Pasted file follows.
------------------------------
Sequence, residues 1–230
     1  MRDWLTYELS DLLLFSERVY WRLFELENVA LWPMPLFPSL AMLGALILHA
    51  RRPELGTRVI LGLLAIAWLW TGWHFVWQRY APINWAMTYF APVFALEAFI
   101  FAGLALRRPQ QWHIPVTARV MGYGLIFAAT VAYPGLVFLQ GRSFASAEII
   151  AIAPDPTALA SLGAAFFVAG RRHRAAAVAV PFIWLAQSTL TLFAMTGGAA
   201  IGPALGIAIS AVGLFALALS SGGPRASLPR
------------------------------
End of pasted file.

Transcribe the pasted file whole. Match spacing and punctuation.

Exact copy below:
Sequence, residues 1–230
     1  MRDWLTYELS DLLLFSERVY WRLFELENVA LWPMPLFPSL AMLGALILHA
    51  RRPELGTRVI LGLLAIAWLW TGWHFVWQRY APINWAMTYF APVFALEAFI
   101  FAGLALRRPQ QWHIPVTARV MGYGLIFAAT VAYPGLVFLQ GRSFASAEII
   151  AIAPDPTALA SLGAAFFVAG RRHRAAAVAV PFIWLAQSTL TLFAMTGGAA
   201  IGPALGIAIS AVGLFALALS SGGPRASLPR